Discover the meanings, paths of Easter

The sun was supposed to rise at around 6 Sunday morning. Instead darkness greeted the roughly 100 to 200 people assembled at the top of McGroarty Peak in Tujunga for the 83rd annual Sunland-Tujunga Kiwanis Community Easter Sunrise Service. But the darkness was more than made up for by the positive, charismatic and prayerful atmosphere among those gathered at the dusty peak.

Some hiked, others took shuttle vans, one man bicycled to the top of the hill overlooking the Sunland-Tujunga-Crescenta Valley. To the west, the twinkling lights of the San Fernando Valley stretched as far as the eye could see, thanks to a clear, warm morning. To the north and east, the San Gabriel Mountains traced an outline against the purplish sky, visible thanks to a full moon setting. The faintest hint of sunlight made itself evident over Mt. Wilson as the service began with music from the Verdugo Hills Church band and an invocation from Pastor John Smyser of New Hope Community Church in Tujunga.

The service is sponsored by the Sunland-Tujunga Kiwanis and officiated by pastors from the eight-church Verdugo Hills Ministerial Association.

On the peak, lights illuminate a large, stone cross. The cross on clear days and nights can be seen from Sunland and Tujunga. Visitors to the peak must drive up narrow roads adjacent to Hillhaven Avenue in Tujunga. The cross itself is reached after a 15 to 20 minute hike along a fire road.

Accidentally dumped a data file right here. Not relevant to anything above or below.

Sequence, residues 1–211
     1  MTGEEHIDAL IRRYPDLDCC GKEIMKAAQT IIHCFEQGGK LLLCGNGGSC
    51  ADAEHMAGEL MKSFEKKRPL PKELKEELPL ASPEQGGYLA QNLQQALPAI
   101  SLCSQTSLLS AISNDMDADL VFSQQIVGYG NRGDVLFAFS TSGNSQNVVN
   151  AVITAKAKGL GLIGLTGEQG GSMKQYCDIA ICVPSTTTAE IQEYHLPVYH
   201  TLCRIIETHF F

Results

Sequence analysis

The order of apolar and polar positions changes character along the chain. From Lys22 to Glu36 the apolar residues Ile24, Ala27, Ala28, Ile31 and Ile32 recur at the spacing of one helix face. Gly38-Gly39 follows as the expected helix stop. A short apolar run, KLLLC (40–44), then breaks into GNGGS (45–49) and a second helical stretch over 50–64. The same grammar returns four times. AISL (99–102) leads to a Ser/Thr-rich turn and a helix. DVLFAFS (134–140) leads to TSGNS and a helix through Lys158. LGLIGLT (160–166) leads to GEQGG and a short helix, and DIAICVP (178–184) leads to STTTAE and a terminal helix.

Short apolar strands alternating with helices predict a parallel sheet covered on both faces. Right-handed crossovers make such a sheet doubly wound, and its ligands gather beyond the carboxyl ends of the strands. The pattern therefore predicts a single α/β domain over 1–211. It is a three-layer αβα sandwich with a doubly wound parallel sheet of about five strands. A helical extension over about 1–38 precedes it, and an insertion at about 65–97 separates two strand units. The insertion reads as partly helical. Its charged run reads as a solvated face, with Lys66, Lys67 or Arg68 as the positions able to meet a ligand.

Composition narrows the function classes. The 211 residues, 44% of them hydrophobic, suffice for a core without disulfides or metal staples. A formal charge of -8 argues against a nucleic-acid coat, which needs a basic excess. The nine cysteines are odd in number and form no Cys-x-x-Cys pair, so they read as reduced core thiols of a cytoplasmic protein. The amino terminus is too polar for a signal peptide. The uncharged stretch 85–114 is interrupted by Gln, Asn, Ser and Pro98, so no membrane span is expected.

It's was not a difficult journey, really. Whether they hiked, biked or drove up the hill, many considered it a triumph just to be gathered with everyone else at the peak. The warm conditions helped a bit, although some faithful were in their winter attire. Think of the sunrise service as a charismatic, religious event moved several hundred feet into the air and replaced with a dusty floor, rocks and chaparral. As the band played well-known Christian tunes as “The Happy Song,” people raised their hands into the air in adoration, sang along with the band, tapped their feet, or just looked around at the sights.

“I can see my house from here,” said band guitarist Dale Sebastian, who with his band got lost on the way up. “I didn't even know all these houses existed up here. Once you're up here, it's so beautiful. I appreciate where we live more and more.”